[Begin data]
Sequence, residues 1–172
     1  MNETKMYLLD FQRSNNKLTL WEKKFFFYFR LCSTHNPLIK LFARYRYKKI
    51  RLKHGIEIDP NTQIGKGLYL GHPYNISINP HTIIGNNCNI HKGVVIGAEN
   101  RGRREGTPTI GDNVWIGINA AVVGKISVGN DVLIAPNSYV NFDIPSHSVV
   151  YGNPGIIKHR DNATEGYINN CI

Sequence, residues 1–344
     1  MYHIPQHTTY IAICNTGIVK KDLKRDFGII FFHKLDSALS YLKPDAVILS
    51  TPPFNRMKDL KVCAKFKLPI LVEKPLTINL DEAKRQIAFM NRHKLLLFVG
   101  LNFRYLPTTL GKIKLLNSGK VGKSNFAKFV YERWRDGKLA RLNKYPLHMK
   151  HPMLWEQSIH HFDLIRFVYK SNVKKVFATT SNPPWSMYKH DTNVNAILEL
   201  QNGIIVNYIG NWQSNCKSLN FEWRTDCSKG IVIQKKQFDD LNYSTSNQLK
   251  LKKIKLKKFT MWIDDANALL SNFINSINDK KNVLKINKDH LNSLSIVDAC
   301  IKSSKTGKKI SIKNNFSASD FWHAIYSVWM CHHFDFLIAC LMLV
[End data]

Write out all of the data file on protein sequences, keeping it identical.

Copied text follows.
Sequence, residues 1–172
     1  MNETKMYLLD FQRSNNKLTL WEKKFFFYFR LCSTHNPLIK LFARYRYKKI
    51  RLKHGIEIDP NTQIGKGLYL GHPYNISINP HTIIGNNCNI HKGVVIGAEN
   101  RGRREGTPTI GDNVWIGINA AVVGKISVGN DVLIAPNSYV NFDIPSHSVV
   151  YGNPGIIKHR DNATEGYINN CI

Sequence, residues 1–344
     1  MYHIPQHTTY IAICNTGIVK KDLKRDFGII FFHKLDSALS YLKPDAVILS
    51  TPPFNRMKDL KVCAKFKLPI LVEKPLTINL DEAKRQIAFM NRHKLLLFVG
   101  LNFRYLPTTL GKIKLLNSGK VGKSNFAKFV YERWRDGKLA RLNKYPLHMK
   151  HPMLWEQSIH HFDLIRFVYK SNVKKVFATT SNPPWSMYKH DTNVNAILEL
   201  QNGIIVNYIG NWQSNCKSLN FEWRTDCSKG IVIQKKQFDD LNYSTSNQLK
   251  LKKIKLKKFT MWIDDANALL SNFINSINDK KNVLKINKDH LNSLSIVDAC
   301  IKSSKTGKKI SIKNNFSASD FWHAIYSVWM CHHFDFLIAC LMLV